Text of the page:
Bhikkhu Pesala wrote:
It mentions only 6 Buddhas, but it does not say that there have only been only 6 Buddhas in the past 91 aeons. It fails to mention Dipankara, who was one of five Buddhas in that fortunate aeon in which the bodhisatta Sumedha is said to have obtained the sure prediction.
Citation please Venerable? Considering the detail that the Buddha goes into in DN14 (race, clan names, life-span, enlightenment location, disciple names, assembly size, personal attendant names, family names, etc.) It seems rather a large omission to skip a Buddha wholesale wouldn't you agree? There have only been 6 in 91 aeons, hardly a banality which would warrant the oversight you are suggesting in this sutta. (I see note 260 mentioning 5 Buddhas in this fortunate aeon but cannot find supporting documentation aside from the DN 26 allusion to the coming of Meteyya.)
mogg wrote:Jotipala has to be dragged 'kicking and screaming' by his friend Ghatikara to see the Buddha Kassapa.
Bhikkhu Pesala wrote:It does not say that. It says that Jotipāla went along with his friend voluntarily after being persuaded that the Buddha Kassapa was really someone very special worth visiting.
Note that I did not use quotation marks Bhikkhu Pesala (which denote a direct quote), I used apostrophes which imply paraphrasing. Nonetheless, lets examine what MN 81 says: Ghatikara requests 3 times for Jotipala to go see Buddha Kassapa and is rejected three times. He then switches track and lures Jotipala to the river to bathe (knowing full well the Blessed one's monastery is nearby). Jotipala acquiesces and they proceed to the river where Ghatikara asks Jotipala a further 3 times to go to see the Buddha, and yet again Jotipala refuses with : "Enough, my dear Ghatikara, what is the use of seeing that bald-pated recluse?" Then Ghatikara decides to take extreme action: "Then the potter Ghatikara seized the brahmin student Jotipala by the belt
..." and requests again and is rebuffed again. Ghatikara takes even more extreme action at this point: "Then when the brahmin student Jotipala had washed his head, the potter Ghatikara seized him by the hair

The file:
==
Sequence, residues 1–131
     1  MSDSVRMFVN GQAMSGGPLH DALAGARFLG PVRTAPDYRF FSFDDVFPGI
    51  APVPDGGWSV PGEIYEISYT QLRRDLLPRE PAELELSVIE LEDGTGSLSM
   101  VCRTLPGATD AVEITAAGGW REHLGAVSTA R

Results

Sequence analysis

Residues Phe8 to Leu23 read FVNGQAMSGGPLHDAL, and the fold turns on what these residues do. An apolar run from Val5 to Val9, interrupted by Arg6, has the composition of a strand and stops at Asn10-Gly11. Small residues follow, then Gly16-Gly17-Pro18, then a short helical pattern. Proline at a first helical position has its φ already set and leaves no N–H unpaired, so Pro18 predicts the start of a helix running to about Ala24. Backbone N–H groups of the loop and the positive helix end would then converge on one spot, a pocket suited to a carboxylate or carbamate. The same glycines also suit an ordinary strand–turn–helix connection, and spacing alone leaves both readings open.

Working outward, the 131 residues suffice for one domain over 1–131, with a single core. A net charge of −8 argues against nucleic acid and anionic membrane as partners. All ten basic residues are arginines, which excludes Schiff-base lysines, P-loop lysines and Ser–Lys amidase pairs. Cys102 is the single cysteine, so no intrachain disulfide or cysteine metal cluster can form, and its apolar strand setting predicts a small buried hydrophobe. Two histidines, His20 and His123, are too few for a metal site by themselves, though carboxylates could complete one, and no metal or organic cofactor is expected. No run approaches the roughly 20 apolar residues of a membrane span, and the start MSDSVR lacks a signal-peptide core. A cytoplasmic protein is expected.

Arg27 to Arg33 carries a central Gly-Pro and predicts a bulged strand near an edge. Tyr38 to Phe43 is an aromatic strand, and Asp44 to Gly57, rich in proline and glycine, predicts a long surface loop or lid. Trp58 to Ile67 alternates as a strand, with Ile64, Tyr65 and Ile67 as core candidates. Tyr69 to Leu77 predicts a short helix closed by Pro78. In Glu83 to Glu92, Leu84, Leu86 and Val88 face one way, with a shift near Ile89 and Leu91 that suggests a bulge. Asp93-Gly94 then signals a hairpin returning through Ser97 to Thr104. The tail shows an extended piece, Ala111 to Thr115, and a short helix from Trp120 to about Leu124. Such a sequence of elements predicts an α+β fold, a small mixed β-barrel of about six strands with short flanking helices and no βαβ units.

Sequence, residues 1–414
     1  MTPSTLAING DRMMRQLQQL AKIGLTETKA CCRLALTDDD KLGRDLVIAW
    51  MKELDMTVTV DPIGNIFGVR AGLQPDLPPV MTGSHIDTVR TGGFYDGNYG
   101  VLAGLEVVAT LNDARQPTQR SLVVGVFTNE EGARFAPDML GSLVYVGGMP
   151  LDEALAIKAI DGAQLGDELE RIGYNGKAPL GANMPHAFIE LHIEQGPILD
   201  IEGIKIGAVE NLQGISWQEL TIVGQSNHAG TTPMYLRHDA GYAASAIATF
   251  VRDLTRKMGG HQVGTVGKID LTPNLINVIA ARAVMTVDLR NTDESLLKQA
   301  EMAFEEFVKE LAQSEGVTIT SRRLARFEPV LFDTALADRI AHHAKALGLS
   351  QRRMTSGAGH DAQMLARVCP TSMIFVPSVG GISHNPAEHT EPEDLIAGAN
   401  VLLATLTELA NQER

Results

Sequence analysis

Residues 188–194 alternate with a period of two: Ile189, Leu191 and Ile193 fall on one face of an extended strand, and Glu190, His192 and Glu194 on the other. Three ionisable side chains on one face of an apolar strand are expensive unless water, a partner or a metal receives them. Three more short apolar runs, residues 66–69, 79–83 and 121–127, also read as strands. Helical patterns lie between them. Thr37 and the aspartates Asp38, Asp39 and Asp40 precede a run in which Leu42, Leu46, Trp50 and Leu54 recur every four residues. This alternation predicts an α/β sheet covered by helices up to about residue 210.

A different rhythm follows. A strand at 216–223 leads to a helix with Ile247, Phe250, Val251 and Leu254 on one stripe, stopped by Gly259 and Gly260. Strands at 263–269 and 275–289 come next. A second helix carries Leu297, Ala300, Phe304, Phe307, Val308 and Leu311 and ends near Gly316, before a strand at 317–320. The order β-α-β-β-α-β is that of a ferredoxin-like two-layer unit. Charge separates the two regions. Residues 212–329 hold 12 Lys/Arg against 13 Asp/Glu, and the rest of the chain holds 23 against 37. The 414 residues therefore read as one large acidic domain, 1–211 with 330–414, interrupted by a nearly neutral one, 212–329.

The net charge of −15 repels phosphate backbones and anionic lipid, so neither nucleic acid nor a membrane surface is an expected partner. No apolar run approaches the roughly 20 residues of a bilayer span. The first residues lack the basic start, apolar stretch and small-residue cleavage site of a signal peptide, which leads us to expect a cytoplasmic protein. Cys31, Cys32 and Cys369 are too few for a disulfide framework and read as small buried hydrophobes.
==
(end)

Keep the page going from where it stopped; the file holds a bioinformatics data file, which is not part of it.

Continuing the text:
..." and requests again. The sutta makes particular mention of the fact that Ghatikara was of inferior birth to the brahmin Jotipala, and it is indeed the sheer extremity of the actions perpetrated by Ghatikara that make Jotipala realise that this really must be something serious indeed to warrant such an extreme social transgression. A peasant transgressing the sanctity of a Brahmins head and hair was probably punishable by death in those times, so yes my use of the English vernacular 'kicking and screaming' was the correct phrase to use. I'm unsure if English is your first language or not Bhikkhu Pesala, but in my native country of Australia, we use the phrase "kicking and screaming" for precisely the kind of circumstance that is described in this sutta; it is never meant to be taken in the literal sense. I apologise if that's where the confusion arose, I'm making it a point to remember that I am communicating with an international audience, and will endeavour to keep my posts less culturally specific going forward.
Bhikkhu Pesala wrote:Proceed with caution when adding your own spin on what you read in the Suttas.
Thanks for the advice, but in this particular instance I think your comment doesn't apply.
Bhikkhu Pesala wrote:
There no doubt that some works (e.g. the Milindapañha) are later works, and there may be works in the four main nikāyas that are later works. Whatever you read, and wherever you read it, don't just swallow it hook, line, and sinker, but reflect carefully using the Four Great References as guidelines. Then try to practice meditation to gain personal realisation of what really matters.
An Excellent Man is not Credulous
I agree, and once again thanks for the advice, I'll do my best!